For this weekly feature during the regular session, the Texas Council for Developmental Disabilities (TCDD) profiled noteworthy bills that were going through the legislative process. Each bill related to TCDD’s Public Policy Priorities or another disability-related issue.
May 31 marked the end of the 140-day regular session of the Texas Legislature. During that period, lawmakers filed over 7,000 bills and joint resolutions, and sent nearly 1,100 bills and resolutions to the governor’s desk. Sunday, June 20, was the final day for the governor to sign those bills, veto them, or let them pass into law without his signature, thereby bringing a close to the work of the session.
As the lawmakers convened, TCDD highlighted 18 separate pieces of legislation, on topics such as special education, employment, accessible parking, and criminal justice. The TCDD Bill of the Week feature provided in-depth summaries of what the bills would do, who supported or opposed them, and how much their implementation was expected to cost the state. Additionally, we included a quote from the author of each bill regarding why they filed it. The posts can be found here. We are pleased to now offer a summary of where they all ended up in the legislative process.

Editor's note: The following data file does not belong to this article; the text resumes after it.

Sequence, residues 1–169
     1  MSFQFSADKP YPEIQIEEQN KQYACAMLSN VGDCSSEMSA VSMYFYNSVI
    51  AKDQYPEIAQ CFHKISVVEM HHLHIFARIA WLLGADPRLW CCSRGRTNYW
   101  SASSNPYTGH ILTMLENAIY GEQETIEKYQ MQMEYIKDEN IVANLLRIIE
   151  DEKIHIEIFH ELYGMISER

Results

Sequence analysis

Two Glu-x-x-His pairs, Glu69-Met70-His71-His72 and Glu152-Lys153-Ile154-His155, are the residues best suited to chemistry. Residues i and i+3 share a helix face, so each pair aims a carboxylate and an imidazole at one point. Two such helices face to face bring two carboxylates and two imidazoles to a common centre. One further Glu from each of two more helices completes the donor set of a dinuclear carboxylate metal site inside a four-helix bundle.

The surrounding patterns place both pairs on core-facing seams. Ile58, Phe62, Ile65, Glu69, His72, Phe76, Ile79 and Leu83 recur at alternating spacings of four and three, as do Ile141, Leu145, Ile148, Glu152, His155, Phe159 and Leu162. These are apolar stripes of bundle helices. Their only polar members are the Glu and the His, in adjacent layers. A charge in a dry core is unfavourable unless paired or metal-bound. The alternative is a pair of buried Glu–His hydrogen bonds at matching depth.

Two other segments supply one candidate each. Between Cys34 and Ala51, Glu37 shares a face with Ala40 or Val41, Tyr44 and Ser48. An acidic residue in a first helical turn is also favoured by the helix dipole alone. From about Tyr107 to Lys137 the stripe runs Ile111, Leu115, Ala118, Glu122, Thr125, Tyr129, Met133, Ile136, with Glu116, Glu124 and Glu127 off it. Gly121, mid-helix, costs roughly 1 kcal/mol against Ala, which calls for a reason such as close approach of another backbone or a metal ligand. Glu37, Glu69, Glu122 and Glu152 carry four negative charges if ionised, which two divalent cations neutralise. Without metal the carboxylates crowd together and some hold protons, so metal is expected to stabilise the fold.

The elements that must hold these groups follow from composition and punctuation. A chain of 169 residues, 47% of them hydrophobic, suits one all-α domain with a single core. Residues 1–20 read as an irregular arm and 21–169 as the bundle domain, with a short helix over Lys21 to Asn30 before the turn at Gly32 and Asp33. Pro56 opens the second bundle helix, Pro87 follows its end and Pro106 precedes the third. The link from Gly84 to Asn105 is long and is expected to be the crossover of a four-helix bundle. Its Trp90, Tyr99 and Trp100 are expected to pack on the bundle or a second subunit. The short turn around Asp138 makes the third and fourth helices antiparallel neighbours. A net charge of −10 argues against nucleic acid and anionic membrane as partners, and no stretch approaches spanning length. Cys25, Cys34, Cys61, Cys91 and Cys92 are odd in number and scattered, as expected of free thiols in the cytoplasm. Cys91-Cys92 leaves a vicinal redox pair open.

Eleven Bills of the Week were signed into law. They include the following and, unless otherwise noted, go into effect on Sept. 1:
House Bill (HB) 119 by Rep. Brooks Landgraf, which bans organ transplant discrimination against people with disabilities. It was sponsored in the Senate by Sen. Judith Zaffirini.
HB 159 by Rep. Mary González, which will improve training and staff development for educators to serve all students. It was sponsored in the Senate by Sen. Eddie Lucio, Jr.
HB 797 by Rep. Donna Howard, which allows home health nurses to administer any FDA-approved vaccines. Upon its signing, the bill went into effect immediately. It was sponsored in the Senate by Sen. Dawn Buckingham.
HB 1535 by Rep. Stephanie Klick, which expands the eligibility for medical use of low-THC cannabis. It was sponsored in the Senate by Sen. Charles Schwertner. It is worth noting that the final version of the bill is less expansive than what was detailed in our original post.
HB 2107 by Rep. Gene Wu, which allows outpatient services for children who are unable to proceed in juvenile court proceedings due to an intellectual disability. It was sponsored in the Senate by Sen. José Menéndez.
HB 2256 by Rep. Bobby Guerra, which creates a bilingual special education certification for teachers. It was sponsored in the Senate by Sen. Brandon Creighton.
HB 2831 by Rep. James White, which creates an advisory committee on the confinement of individuals with intellectual and developmental disabilities (IDD) in county jails. It was sponsored in the Senate by Sen. Borris Miles.
Senate Bill (SB) 25 by Sen. Lois Kolkhorst is the Senate companion to Bill of the Week HB 892 by Rep. James Frank. It enables residents of long-term care facilities to designate an essential caregiver for in-person visitation. Additionally, a similar ballot proposal will be considered by voters on Nov. 2, 2021, as a result of the passage of Senate Joint Resolution (SJR) 19.
SB 50 by Sen. Judith Zaffirini, which develops a competitive integrated employment initiative for working-age adults with disabilities. It was sponsored in the House by Rep. Victoria Neave.